Dr. Qaisar Sultana, professor emeritus and former chair of the Department of Special Education in the College of Education, has enjoyed an incredible career. She became an authority and pioneer in the field of special education in her native Pakistan. She was instrumental in building EKU’s Department of Special Education into an exceptional program. Now, she has been selected as a Fulbright Specialist — the fifth Fulbright award of her career.
The Fulbright Program, which aims to increase mutual understanding of the people of the United States and the people of other countries, is the flagship educational exchange program sponsored by the U.S. government. As a Fulbright Scholar and Specialist, Sultana has taught courses in Bangladesh, Norway, Sri Lanka and Azerbaijan. She has high hopes for her next international endeavor.
“I want to work on an interesting, challenging and exciting project which will have a long-lasting impact in the host country,” said Sultana.
Despite Sultana’s success, a career in special education was not always on her radar. Her father and grandfather, who were active in Pakistan’s independence movement from India, groomed her to enter public service from an early age. “‘Our responsibility is to build this newly created country.’ As a child, this is what I heard every day,” she said.
Sultana’s first undergraduate and graduate degrees were in world history, international relations, political science and international law. Shortly after graduation, however, Pakistan’s democratic government was overthrown and martial law was imposed. “My long, planned life crashed overnight,” she said. “ I had to find a new purpose.”
That purpose became special education, then a newly emerging field. “Its newness and its novelty attracted me,” she said of the field. “ It was a natural choice for me.”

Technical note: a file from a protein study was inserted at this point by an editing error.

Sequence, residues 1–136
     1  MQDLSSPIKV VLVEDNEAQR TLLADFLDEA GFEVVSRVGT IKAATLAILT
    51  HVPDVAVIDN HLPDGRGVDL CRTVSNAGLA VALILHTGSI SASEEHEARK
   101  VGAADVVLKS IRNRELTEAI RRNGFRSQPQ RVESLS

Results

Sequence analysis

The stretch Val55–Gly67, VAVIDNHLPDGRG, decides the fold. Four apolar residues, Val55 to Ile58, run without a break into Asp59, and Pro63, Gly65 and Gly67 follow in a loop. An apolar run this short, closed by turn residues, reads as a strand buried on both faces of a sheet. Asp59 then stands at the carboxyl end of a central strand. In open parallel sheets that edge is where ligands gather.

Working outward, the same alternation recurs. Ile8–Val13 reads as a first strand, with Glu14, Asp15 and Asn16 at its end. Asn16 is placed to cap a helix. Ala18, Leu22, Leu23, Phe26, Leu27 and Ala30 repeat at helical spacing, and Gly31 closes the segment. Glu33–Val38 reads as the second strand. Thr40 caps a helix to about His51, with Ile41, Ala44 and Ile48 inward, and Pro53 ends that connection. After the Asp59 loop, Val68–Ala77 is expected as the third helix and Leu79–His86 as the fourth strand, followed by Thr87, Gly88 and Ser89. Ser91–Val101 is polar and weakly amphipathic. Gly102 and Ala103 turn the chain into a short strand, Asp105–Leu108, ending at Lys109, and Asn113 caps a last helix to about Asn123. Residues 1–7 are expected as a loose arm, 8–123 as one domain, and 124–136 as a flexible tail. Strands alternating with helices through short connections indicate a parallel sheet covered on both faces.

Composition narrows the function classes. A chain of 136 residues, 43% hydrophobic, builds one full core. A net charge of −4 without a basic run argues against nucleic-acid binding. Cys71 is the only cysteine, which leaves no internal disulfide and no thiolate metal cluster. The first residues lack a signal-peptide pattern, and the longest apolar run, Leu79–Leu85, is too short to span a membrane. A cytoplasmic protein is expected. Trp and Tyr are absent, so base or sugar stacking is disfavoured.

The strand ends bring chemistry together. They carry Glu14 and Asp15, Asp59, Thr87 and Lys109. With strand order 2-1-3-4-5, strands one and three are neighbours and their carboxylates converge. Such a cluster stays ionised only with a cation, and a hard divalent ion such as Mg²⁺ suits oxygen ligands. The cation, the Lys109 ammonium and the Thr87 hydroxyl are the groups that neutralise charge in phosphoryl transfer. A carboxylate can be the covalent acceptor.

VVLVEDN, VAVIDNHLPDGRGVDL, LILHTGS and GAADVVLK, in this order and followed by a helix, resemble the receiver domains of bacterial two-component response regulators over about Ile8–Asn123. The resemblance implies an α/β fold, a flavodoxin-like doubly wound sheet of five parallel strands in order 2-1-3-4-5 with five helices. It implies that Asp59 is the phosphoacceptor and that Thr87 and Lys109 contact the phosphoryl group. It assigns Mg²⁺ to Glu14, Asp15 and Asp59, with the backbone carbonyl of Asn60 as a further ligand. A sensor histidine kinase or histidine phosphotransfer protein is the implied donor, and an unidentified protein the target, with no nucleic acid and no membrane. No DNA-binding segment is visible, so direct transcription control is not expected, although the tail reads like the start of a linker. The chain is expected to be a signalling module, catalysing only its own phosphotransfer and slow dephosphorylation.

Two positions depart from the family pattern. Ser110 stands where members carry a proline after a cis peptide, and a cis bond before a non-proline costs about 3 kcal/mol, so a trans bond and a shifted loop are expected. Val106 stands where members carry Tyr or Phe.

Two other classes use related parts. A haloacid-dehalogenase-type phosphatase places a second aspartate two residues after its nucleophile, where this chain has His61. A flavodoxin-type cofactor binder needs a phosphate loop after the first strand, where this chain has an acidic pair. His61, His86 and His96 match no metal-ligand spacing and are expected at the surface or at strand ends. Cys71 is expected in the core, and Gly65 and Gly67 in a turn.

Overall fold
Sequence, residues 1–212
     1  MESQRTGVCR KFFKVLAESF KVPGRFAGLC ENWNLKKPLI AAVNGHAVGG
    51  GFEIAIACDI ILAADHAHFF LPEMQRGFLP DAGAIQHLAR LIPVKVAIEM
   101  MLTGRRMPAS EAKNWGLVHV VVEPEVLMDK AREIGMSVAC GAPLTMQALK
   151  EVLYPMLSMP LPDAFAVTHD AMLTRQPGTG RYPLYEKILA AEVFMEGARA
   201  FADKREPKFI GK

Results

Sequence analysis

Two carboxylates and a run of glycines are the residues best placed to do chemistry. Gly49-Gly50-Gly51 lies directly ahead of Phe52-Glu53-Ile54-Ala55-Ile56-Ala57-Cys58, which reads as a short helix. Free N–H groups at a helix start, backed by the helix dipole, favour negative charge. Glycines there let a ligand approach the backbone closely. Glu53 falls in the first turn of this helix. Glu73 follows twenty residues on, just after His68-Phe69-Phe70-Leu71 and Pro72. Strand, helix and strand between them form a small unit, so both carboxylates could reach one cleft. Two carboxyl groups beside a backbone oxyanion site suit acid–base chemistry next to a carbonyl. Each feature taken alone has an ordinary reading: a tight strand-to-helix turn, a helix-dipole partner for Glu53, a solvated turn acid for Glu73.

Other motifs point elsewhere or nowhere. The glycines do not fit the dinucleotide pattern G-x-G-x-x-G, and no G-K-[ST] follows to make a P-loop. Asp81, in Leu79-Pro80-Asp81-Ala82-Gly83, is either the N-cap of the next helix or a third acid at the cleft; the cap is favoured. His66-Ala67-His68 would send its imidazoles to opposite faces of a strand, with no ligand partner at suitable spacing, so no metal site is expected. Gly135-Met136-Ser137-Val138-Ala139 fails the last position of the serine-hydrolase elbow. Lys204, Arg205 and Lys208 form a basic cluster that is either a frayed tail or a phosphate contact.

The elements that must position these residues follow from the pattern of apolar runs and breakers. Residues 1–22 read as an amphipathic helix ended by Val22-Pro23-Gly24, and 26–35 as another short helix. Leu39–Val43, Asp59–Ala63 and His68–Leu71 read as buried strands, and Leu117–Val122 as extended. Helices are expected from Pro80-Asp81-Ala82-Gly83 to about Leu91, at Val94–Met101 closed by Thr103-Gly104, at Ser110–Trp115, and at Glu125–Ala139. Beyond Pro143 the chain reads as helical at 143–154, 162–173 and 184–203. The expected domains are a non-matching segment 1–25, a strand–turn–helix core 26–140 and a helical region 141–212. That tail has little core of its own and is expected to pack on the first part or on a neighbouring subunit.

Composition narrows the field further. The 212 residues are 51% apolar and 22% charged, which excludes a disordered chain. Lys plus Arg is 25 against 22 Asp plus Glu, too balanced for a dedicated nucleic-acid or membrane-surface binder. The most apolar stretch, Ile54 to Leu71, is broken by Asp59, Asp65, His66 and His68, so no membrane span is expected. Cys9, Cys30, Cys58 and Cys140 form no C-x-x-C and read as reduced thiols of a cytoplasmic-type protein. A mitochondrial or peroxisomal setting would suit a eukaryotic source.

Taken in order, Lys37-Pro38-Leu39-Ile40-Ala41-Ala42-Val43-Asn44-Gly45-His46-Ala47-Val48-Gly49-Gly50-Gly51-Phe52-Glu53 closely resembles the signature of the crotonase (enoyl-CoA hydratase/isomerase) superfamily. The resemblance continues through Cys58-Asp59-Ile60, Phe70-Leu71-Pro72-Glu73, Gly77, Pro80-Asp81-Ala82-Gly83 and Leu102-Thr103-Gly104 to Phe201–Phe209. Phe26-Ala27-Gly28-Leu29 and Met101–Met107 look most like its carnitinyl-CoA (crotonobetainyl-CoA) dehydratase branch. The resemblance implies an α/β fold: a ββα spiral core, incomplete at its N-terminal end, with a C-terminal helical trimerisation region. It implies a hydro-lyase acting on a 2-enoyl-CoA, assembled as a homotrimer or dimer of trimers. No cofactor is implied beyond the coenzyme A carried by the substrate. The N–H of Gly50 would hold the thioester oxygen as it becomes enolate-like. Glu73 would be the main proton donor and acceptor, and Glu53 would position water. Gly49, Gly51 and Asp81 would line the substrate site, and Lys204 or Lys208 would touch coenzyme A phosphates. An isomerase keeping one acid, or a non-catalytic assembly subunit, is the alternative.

Time spent at the U.S.-Pakistan Cultural Center led Sultana to apply to the American University of Beirut, which allowed her to pursue her doctoral degree in special education in the United States, at the University of Georgia.
When Sultana came to EKU in 1980 as chair of the Department of Special Education, the department was on probation by the National Council for the Accreditation of Teacher Education (NCATE). Sultana set to work developing new courses and overhauling curricula. By the next NCATE visit, the department exceeded standards and was cited as exemplary.
Sultana’s accomplishments have advanced the field of special education stateside, in her native Pakistan, and around the world. She has been a consultant for the United Nations and the World Health Organization, was appointed chair of the Kentucky Advisory Panel for Exceptional Children by the governor, and was appointed Due Process Hearing Officer of the panel by the attorney general. At EKU, she authored federal grants that provided a three-year, in-service training program to prepare teachers in EKU’s service region for mainstreaming (now called inclusion), and to fund a special certification program to prepare teachers of seriously emotionally disturbed learners. She has also provided numerous services at the Kentucky Department of Education and served as president of organizations such as Teacher Education Division of the Kentucky Federation of the Council for Exceptional Children, Mid-South Educational Research Association (MSERA), Future Site, and outstanding paper selection committees of MSERA.
In her native Pakistan, Sultana played a critical role in establishing the National Institute of Special Education in Islamabad and the University of Karachi’s Department of Special Education, the country’s first program of its kind. She has served as a consultant to the National Higher Education Commission in Islamabad, provided professional development to faculty members at universities all over Pakistan, and served as coordinator of the Asian Caucus of the International Council for Exceptional Children.
Sultana retired in 2006 after 27 years at EKU, but remains professionally active. Since retiring, she has taught part time at EKU and traveled abroad addressing conferences, conducting professional development, designing instructional systems, assisting with education policy and more. Sultana’s impressive career has made it clear that for her, teaching and learning are lifelong ventures.